The 2023 Business Case for Court Appointed Special Advocates (CASA)
Date: August 21, 2023
To: Lindsay Salas, CASA of Adams and Broomfield Counties
From: Patricia Silverstein, Development Research Partners
RE: The 2023 Business Case for Court Appointed Special Advocates (CASA)
Investments in human capital are critical for economic growth and development. A wealth of research links higher levels of educational attainment to better economic outcomes including higher earnings, lower unemployment, and increased productivity. More productive workers make businesses more profitable and a region more competitive. Alternatively, leaving the next generation of workers behind, especially those that are at-risk, vulnerable, and disadvantaged, imposes significant costs to governmental entities, businesses, and society through increased poverty, crime, and costs to the legal and public assistance systems.
Colorado recovered all jobs lost during the COVID recession by February 2022, about six months faster than it took the U.S. to restore employment. Colorado added 114,000 jobs in 2022, a 4.1% increase, but job growth is expected to slow to a 2% pace in 2023. Reasons for the slowdown include reduced consumer spending, rising interest rates, uncertainty in the investment markets, and a challenging home sales environment. In addition, a significant constraint to continued employment growth is the historically tight labor market. For example, there were 190,000 job openings and 92,000 unemployed people in Colorado as of June 2023, meaning companies in Colorado had 98,000 more job openings than there were unemployed individuals to fill them.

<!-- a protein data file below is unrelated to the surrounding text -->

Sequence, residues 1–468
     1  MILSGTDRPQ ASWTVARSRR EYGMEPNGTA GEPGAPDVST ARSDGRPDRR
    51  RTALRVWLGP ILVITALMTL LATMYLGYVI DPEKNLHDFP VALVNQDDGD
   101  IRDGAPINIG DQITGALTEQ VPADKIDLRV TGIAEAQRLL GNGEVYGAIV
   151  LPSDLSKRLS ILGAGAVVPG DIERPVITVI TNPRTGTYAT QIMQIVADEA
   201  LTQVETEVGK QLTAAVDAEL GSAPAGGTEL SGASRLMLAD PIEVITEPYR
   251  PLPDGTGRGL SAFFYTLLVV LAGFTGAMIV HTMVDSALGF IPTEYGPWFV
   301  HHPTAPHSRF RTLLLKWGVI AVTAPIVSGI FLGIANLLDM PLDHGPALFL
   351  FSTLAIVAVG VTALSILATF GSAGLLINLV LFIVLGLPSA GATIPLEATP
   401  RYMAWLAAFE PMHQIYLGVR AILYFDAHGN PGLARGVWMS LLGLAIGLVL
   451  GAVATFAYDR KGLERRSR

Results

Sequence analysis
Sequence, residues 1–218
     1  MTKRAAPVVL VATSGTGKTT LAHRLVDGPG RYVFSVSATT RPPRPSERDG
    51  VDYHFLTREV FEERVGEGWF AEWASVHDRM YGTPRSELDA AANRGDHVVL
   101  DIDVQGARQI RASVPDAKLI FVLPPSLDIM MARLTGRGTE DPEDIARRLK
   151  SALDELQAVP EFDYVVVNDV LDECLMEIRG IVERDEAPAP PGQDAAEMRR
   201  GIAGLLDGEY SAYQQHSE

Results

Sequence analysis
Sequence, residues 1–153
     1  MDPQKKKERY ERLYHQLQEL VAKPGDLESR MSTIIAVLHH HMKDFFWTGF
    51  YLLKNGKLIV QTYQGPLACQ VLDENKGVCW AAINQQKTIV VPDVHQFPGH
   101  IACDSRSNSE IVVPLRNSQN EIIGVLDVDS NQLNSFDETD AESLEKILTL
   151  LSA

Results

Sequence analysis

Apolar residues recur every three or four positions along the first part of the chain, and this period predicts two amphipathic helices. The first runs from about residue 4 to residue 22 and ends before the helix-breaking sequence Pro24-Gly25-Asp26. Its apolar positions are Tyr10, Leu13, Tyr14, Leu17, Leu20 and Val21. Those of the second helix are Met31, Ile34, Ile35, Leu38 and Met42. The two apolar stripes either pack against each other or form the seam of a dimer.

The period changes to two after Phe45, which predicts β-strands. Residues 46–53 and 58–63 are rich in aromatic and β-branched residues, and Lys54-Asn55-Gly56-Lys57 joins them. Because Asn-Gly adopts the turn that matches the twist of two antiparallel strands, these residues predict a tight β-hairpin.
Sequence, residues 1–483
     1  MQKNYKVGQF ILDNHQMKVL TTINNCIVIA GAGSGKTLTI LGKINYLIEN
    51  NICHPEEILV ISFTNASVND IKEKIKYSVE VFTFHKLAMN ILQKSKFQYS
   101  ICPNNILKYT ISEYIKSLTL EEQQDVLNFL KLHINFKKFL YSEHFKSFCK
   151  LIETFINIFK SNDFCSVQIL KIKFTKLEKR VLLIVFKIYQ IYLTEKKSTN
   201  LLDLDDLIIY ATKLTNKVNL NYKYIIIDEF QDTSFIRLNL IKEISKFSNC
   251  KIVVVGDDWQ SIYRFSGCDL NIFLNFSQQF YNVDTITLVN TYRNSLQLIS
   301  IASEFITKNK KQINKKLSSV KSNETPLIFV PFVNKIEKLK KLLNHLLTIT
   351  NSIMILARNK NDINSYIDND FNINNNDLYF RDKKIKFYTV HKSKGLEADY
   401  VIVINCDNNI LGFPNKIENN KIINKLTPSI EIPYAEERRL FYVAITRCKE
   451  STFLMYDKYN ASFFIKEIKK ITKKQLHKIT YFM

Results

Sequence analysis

This tight labor market environment makes it difficult for businesses to find and retain the workers needed. Every worker matters in this environment, making the work of CASA critical. The work of the CASA system addresses a significant need in our Colorado communities, advocating for children and youth from the child welfare system so every child can be safe, have a permanent home, and the opportunity to thrive. In addition, CASA benefits the region’s labor market as youth in safe and permanent homes tend to have better educational outcomes, benefiting the future workforce. A focus today on our future workforce means that Colorado will be better positioned to achieve sustainable economic growth.
Reduced Lifetime Social Costs
A national survey by Voices of Youth Count, a national initiative of Chapin Hall at the University of Chicago, found that one in 10 American young adults ages 18 to 25 endured some form of homelessness over a 12-month period in 2016 and 2017.i A separate Chapin Hall study explains that housing stability makes it easier for young people to stay in school and achieve educational success, which increases long-term income. Conversely, low educational attainment is a risk factor for homelessness and homelessness is a risk factor for lower educational attainment.ii
Unfortunately, the prevalence of homelessness for children who aged out of foster care, meaning that they turned 18 (or 21, depending upon the state) and legally became an adult before being placed in a permanent home, tends to be even higher. The National Youth in Transition database, as reported by the Annie E. Casey Foundation, indicates that 29% of the youth transitioning out of foster care experienced homelessness at some point between the ages of 19 and 21. Data specific to Colorado was even higher at 36% for the same age group.iii
The Jim Casey Youth Opportunities Initiative estimated that the lifetime social cost of a teen aging out of foster care was about $300,000 in 2013, including the social costs of incarceration, public assistance, and the value of lost wages.iv Inflating this estimated cost to today’s dollars means that the social cost of someone aging out of foster care in 2023 was approximately $392,000. Therefore, the lifetime cost to taxpayers and communities of the 171 youth who aged out of the Colorado foster care system in 2021 was an estimated $60 million.